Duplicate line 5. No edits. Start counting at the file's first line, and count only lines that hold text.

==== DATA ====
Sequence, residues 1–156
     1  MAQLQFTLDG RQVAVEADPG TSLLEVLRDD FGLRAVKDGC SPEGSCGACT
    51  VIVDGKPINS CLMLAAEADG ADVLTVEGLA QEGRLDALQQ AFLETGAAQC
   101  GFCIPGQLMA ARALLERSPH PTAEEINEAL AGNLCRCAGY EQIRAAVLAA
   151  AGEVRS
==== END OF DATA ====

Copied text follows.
   151  AGEVRS